Recently I listened carefully to a series of podcasts taken from CBC Radio's Ideas broadcast. I think it was originally produced in 2012, but the podcasts came to my attention only recently. I selected one of these for students of two of my history of religion online courses, one at the University of Guelph and the other at the related institution, the University of Guelph/Humber.
I presented the third podcast because it deals with the very nature of religion, of society and of the relationship between the two. The producer, David Cayley interviews William Cavanaugh a theologian at DePaul University in Chicago. The interview centres around two books of his, one called The Migrations of the Holy (2011), and the other, The Myth of Religious Violence (2009). Generally (and this is a very general statement!), Cavanaugh advances the idea that the new nation-state became and usurped the object of worship from faith in the early modern era. He thinks that 'religion' became both a tool of the new form called the nation-state and a scapegoat for violence from which the State claimed to protect citizens. In reality this was a cover for violence which as is usual in history was a product of greed, honour, the desire for expansion and so on. Later, the state began to find religion less useful and privatization occurred.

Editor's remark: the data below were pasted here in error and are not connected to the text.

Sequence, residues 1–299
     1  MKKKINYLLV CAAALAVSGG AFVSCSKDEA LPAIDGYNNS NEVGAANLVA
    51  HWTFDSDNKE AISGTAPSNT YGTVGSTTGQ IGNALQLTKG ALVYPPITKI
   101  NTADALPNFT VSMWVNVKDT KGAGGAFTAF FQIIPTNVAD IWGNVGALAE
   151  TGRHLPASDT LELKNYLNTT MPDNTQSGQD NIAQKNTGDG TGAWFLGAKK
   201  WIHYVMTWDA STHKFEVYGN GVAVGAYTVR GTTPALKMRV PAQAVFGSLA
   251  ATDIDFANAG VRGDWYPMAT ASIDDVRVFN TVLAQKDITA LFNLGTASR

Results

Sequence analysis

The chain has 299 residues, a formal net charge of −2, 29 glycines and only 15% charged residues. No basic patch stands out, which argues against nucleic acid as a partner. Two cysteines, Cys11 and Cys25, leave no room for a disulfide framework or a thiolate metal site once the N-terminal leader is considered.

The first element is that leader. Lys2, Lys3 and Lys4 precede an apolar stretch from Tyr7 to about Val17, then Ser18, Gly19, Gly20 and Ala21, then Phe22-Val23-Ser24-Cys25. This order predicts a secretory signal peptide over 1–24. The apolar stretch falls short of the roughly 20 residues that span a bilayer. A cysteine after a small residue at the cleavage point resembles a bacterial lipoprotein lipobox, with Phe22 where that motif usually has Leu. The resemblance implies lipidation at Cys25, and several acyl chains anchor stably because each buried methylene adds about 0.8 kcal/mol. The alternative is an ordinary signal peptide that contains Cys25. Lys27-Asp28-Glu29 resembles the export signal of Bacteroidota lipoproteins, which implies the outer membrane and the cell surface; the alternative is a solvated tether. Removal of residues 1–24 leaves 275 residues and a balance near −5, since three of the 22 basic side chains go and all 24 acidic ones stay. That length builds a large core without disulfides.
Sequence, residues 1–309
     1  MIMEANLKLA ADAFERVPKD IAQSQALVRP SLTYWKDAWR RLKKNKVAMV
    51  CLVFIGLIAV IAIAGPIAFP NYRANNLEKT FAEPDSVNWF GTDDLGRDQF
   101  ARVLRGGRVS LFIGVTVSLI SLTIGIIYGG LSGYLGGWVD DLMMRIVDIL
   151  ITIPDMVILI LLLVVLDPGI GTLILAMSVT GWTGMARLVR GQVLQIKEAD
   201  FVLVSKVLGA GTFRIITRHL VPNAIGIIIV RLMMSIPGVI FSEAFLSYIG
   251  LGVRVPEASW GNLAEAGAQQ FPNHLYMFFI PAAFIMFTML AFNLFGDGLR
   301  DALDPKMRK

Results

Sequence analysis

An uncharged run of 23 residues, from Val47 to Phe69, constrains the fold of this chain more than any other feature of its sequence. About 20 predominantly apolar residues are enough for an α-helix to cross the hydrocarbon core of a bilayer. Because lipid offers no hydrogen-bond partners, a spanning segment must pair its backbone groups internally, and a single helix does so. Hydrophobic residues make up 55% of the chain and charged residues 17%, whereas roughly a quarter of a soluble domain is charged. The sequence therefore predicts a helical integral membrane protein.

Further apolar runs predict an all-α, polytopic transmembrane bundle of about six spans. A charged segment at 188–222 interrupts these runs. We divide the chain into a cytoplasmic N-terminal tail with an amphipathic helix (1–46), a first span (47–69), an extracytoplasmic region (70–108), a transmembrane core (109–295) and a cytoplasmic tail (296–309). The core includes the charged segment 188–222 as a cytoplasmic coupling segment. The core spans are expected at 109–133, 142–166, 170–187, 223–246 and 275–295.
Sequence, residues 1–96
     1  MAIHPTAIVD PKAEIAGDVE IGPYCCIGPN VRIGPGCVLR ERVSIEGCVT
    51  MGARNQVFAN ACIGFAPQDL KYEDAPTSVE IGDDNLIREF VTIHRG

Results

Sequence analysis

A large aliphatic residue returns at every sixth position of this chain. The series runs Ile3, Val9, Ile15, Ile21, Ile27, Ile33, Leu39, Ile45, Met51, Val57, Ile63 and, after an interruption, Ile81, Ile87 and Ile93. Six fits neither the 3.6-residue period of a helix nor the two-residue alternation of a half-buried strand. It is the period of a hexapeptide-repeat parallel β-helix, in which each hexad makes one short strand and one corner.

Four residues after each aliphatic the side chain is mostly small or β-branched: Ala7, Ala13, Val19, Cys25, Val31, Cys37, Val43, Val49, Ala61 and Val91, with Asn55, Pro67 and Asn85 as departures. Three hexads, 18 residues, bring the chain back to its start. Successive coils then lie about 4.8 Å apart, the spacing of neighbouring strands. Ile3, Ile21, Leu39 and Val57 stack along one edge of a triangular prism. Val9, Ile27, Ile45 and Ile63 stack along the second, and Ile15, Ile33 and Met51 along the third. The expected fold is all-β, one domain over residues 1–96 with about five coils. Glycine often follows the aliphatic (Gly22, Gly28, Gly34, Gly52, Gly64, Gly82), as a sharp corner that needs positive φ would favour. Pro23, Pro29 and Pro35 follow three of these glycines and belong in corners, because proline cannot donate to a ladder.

I am not sure yet what to think of his ideas, except of course, most wars were not primarily religious, though sometimes religion was a factor or used by those promoting war, and only rarely was religion a prime factor. This is a reasonable stance for any serious student of history to take. Cavanaugh is farther out on a limb when he discusses the role of religion today - citing examples such as the Papacy's opposition to war in Iraq. He sees 'religion' as having a role in a faith an a political sense.
I need to think a lot more about this before coming even to preliminary ideas.